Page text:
Imaging technology has made massive advancements over the past 100 years—but the same cannot be said for diagnostic radiology reporting.
A pair of researchers from the University of Virginia Health System in Charlottesville, Virginia, asked themselves if the “archaic” form of communication could be upgraded in an article published online May 2 in the Journal of the American College of Radiology.
“In our experience, it can be done efficiently and effectively. There are technical hurdles to jump and cultural change to foster, but our experiences prove these to be surmountable tasks,” wrote Steven D. Beesley, MD and Cree M. Gaskin, MD.
The team implemented a hybrid viewing-reporting application into its institution’s PACS in 2016.
Two types of hyperlinks were added to the imaging results category of the electronic health record (EHR), although their current version was only built for plain-text reporting.
One link launched a PDF file from a document management system integrated with the EHR. The other led to a web-based image viewer that also displayed the interactive multimedia report alongside the full imaging study.
Once radiologists were educated, Beesley et al. observed an increase in multimedia reporting followed by sustained use and continued growth.
Authors found the option to add images directly into reports conveyed more detail than text alone, and “may allow more concise descriptions, potentially offering the radiologist overall savings in report creation time.”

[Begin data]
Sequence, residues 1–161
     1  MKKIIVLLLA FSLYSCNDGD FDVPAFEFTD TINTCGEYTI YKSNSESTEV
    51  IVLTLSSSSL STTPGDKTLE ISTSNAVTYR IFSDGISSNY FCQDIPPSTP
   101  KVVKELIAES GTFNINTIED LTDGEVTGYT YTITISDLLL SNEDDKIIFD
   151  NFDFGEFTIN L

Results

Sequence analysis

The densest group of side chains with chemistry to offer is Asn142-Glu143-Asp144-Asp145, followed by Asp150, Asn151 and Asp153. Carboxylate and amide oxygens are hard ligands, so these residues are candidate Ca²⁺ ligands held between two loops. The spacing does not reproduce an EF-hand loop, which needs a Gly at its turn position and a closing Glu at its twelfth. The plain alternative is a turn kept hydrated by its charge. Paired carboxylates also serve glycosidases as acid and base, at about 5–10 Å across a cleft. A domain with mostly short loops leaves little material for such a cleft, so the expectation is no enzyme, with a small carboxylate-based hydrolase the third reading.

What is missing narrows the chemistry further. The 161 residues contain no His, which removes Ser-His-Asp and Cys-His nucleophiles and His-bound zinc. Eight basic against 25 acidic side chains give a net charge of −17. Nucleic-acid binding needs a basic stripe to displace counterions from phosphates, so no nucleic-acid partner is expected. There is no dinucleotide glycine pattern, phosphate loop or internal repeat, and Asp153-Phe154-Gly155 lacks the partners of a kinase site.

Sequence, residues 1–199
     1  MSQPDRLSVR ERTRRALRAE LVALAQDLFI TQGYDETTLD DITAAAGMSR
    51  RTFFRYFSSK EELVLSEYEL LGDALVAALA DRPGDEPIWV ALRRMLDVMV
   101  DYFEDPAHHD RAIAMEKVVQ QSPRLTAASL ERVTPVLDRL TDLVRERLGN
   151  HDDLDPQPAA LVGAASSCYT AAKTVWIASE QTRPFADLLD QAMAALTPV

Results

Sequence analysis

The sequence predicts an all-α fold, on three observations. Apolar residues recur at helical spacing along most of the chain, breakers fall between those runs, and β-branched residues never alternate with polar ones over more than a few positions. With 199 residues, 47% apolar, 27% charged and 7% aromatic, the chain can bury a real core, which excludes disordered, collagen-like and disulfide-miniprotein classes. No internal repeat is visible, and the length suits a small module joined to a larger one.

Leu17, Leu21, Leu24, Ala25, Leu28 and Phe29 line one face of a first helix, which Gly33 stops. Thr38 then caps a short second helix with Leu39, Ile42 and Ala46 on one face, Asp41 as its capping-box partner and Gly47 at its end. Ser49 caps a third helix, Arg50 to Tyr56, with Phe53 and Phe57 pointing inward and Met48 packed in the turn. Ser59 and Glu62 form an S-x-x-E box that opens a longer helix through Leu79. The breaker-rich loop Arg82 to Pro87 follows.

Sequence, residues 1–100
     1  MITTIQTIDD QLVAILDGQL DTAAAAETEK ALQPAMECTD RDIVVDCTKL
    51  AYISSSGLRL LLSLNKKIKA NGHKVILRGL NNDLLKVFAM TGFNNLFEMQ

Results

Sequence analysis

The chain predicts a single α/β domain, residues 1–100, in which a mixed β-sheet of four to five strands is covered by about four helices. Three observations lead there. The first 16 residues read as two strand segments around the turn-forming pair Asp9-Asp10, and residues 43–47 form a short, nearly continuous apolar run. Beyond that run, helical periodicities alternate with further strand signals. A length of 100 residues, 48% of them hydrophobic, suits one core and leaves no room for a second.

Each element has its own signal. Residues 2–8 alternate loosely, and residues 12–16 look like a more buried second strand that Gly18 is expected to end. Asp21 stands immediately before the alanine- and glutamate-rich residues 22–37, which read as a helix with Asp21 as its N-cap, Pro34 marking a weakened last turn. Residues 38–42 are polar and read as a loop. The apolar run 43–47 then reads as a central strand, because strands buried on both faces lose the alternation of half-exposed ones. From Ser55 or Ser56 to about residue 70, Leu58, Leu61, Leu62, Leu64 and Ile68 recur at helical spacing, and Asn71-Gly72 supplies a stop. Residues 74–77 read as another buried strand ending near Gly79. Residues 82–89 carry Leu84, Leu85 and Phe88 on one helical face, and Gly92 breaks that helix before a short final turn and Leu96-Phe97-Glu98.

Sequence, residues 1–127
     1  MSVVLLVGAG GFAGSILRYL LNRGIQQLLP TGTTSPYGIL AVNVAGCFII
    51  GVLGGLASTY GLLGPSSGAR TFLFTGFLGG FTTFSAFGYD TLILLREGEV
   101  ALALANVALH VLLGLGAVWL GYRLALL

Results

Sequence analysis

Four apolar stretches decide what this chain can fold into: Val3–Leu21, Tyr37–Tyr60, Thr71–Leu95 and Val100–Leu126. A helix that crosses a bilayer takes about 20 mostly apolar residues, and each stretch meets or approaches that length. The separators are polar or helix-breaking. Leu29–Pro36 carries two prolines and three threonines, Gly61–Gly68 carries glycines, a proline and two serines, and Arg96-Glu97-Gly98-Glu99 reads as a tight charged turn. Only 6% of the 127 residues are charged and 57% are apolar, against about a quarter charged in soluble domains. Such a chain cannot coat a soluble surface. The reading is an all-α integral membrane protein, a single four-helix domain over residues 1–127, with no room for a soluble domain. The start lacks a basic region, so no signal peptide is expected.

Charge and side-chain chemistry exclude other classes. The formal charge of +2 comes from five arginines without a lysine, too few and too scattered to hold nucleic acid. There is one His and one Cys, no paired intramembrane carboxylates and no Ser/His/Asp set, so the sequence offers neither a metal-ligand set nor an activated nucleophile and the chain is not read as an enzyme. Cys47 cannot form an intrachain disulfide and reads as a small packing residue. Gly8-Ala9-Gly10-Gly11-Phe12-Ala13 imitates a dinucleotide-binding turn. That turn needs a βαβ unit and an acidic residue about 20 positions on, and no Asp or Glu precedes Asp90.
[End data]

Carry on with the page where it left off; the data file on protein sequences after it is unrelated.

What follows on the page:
Similarly, hyperlinks that are underlined and highlighted by default bring attention to important imaging findings, and may save time for a radiologist, referring provider, trainee or patient.
“The use of hyperlinked text eliminates the time spent hunting the prose report for pertinent findings, identifying the series and image number, opening the viewing platform, and scrolling to the image of interest,” authors wrote.
Overall, they argued multimedia reports can be implemented in a way that doesn’t increase workload, but rather enhances collaboration between team members to more quickly and efficiently identify abnormalities.
“Is interactive multimedia reporting ‘ready for prime time?’ Our answer is yes,” Beesley et al. added.